Uncertainty in The Travel Sector Deepens, Focus On 3 FTSE Aviation Stocks

Source: Nieuwland Photography, Shutterstock

Summary

  • PM Boris Johnson at a press conference stopped short of confirming whether foreign travel would resume on 17 May.
  • This lack of clarity has pushed the already bleeding aviation industry into further uncertainty.
  • From 12 April, shops, pubs, and restaurants would be resuming business.

UK Prime Minister Boris Johnson while addressing a press conference said that though restaurants, pubs and shops will open from 12 April as the lockdown will be eased, but foreign travel opening may take a bit longer than 17 May. This lack of clarity has pushed the travel and tourism sector again into uncertainty.

Also read: Aviation sector calls on Johnson for more support

According to the new announcement made in the roadmap to easing by the government, all shops would be allowed to function 12 April onwards while restaurants and pubs can function with outdoor seating.

                          

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Also read: Why Are Travel and Leisure Stocks Bleeding?

In case of travel, the government plans to have a traffic light system that would allow passengers to travel to low-risk nations due to the worsening Europe situation. The countries will be grouped in red, amber, or green categories. The travel will be allowed on the basis of the destination country’s vaccination programme, infection rate, and virus strains.

From low-risk green countries, travel to and from those could take place without quarantine requirements though test pre and post travel would still be mandatory. However, Johnson did not clarify which countries were the safe ones or whether travel to these green countries would be allowed from 17 May.

British Airways’ CEO Sean Doyle said the company was hopeful that travel could resume 17 May onwards and asked the UK citizens not to lose hope and that summer holidays will be possible this year.

The airline industry worldwide is reeling under restrictions due to the pandemic, which have hit the balance sheet of aviation companies and forcing them to raise cash to remain afloat. Here are three largest aviation stocks by market capitalisation and how they have weathered the pandemic:  

Easyjet Plc (LON: EZJ)

The FTSE 250 aviation company with a market capitalisation of £4,608.60 million was trading at GBX 1,007.9, down by 0.10 per cent on 6 April at 10:56 GMT+1. The FTSE 250 was up 1.05 per cent at 21,960.52.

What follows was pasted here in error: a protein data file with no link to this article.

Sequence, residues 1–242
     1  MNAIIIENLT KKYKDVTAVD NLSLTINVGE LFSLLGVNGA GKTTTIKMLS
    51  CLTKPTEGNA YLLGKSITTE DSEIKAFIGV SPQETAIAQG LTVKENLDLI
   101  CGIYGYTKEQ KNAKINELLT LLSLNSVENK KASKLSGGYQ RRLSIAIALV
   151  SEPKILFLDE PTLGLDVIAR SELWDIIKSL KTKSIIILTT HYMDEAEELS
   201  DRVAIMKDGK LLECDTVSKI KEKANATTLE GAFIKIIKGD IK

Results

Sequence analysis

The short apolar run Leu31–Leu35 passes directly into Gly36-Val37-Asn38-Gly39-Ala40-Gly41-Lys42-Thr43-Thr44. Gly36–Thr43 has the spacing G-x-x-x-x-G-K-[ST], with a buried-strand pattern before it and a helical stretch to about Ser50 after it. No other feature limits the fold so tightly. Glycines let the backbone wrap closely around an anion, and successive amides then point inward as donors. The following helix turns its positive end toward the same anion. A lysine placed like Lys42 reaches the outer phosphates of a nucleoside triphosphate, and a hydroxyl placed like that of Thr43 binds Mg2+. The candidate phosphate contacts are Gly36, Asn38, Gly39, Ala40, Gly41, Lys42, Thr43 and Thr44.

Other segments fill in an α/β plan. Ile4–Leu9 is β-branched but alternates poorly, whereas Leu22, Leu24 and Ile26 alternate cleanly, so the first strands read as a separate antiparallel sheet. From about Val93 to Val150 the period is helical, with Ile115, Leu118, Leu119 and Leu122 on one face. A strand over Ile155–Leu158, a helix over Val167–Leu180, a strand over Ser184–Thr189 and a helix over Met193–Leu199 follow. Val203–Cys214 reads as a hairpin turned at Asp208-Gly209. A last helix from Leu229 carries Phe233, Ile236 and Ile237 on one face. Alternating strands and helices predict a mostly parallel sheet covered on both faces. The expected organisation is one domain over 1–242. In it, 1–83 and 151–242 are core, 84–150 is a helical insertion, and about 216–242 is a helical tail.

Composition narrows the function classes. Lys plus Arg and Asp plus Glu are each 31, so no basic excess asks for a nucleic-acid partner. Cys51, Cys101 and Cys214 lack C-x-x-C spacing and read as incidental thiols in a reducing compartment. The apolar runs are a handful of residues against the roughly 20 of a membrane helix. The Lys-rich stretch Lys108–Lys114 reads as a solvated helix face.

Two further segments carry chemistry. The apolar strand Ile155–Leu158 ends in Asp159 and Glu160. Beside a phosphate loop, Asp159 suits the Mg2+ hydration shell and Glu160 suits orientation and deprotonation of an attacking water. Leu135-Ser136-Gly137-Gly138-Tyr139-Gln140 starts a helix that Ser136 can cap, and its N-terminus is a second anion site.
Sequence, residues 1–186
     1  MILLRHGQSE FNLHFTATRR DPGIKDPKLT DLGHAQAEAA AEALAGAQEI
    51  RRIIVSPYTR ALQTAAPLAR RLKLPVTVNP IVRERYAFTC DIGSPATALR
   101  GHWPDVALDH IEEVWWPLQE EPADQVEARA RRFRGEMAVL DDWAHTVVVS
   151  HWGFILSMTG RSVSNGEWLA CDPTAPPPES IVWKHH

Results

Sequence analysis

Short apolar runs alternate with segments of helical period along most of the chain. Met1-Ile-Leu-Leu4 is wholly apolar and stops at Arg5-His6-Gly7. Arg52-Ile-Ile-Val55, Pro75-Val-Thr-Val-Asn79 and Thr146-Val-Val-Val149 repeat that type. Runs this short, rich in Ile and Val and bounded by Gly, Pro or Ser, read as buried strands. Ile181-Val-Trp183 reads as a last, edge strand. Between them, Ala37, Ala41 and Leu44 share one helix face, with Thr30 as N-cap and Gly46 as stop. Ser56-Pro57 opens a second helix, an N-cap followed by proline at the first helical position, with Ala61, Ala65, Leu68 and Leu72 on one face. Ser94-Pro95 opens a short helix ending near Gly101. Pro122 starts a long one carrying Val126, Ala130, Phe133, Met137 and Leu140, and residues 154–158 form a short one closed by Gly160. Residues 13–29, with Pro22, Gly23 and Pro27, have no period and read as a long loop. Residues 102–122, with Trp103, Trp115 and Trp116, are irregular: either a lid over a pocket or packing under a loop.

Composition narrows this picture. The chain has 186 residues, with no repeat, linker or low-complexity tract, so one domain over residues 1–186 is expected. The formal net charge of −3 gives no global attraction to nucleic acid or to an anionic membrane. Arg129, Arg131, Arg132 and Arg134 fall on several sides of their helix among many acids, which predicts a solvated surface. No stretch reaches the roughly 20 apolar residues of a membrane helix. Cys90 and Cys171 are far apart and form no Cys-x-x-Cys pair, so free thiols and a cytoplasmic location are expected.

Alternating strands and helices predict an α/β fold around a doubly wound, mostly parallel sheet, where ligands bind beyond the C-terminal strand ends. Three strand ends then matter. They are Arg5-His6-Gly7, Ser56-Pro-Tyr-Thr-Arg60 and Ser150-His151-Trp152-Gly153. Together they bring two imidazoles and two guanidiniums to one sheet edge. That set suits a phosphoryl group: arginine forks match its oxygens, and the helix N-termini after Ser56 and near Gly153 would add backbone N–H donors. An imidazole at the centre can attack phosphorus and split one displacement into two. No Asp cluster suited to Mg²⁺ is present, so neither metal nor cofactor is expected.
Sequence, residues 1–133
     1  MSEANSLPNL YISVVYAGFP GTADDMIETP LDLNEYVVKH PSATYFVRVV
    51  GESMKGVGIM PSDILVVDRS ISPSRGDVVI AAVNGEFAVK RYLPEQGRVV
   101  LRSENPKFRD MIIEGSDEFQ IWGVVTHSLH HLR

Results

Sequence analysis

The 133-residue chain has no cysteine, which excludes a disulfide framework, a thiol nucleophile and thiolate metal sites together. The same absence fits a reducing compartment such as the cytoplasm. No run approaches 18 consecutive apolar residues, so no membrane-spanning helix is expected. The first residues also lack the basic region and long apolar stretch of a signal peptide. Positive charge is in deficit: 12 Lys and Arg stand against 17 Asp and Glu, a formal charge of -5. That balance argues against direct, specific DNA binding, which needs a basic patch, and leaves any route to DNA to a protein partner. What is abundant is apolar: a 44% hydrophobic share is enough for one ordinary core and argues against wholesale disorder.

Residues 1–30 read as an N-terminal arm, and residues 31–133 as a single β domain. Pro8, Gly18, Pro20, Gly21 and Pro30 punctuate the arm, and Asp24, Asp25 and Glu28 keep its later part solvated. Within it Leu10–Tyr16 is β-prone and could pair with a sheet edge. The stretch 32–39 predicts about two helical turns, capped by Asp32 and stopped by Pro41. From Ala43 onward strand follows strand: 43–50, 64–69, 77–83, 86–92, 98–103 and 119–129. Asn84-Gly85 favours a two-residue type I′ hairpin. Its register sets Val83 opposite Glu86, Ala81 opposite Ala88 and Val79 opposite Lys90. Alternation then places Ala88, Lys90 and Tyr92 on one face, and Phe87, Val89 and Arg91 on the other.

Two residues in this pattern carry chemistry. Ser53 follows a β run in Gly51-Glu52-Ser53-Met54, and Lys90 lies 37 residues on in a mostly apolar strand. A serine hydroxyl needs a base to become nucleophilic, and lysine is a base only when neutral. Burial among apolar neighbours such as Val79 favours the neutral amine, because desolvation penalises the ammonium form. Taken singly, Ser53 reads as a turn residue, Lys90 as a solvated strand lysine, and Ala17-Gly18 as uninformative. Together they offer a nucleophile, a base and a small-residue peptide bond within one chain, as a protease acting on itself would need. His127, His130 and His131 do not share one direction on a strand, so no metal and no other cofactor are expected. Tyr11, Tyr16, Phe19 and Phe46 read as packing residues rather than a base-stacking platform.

(Source: Refinitiv, Thomson Reuters)

For the quarter ended 31 December 2020, the company said its performance was in line with management expectations, though government restrictions and uncertainties impacted demand.

The group’s revenue fell by 88 per cent to £165 million. Passenger revenue dropped by 90 per cent to £118 million, while ancillary revenue fell by 84 per cent to £47 million.

Passenger volumes for the quarter fell by 87% to 2.9 million which was in line with fall in 84 per cent capacity to 4.4 million seats, which was 18 per cent of the capacity levels of FY2019.

Wizz Air Holdings Plc (LON: WIZZ)

The FTSE 250 company was trading at GBX 5,018, up by 0.80 per cent on 6 April at 11:17 GMT+1. It had a market capitalisation of £4,261.20 million. The FTSE 250 was up 1.05 per cent at 21,960.52.

(Source: Refinitiv, Thomson Reuters)

For the quarter ended 31 December 2020, the company’s revenue fell 76.5 per cent to €149.9 million from €673 million for the same period a year ago. Passenger volume fell 77.3 per cent to 2.3 million from 10 million in the same period a year ago.

International Consolidated Airlines Group SA (LON: IAG)

The FTSE 100 aviation company, which has a market capitalisation of £10,417.73 million, was trading at GBX 214.90, up by 2.74 per cent on 6 April at 11:36 GMT+1. The FTSE 100 was up 1.24 per cent at 6,820.64.

(Source: Refinitiv, Thomson Reuters)

The company’s full-year passenger capacity for the year ended 31 December was at 33.5 per cent of 2019 and continued to be affected by government restrictions and the pandemic. Its total revenue was down 69.4 per cent to €7,806 from €25,506 million a year ago. It made a loss of €6,923 million from a profit of €1,715 million a year ago.

 


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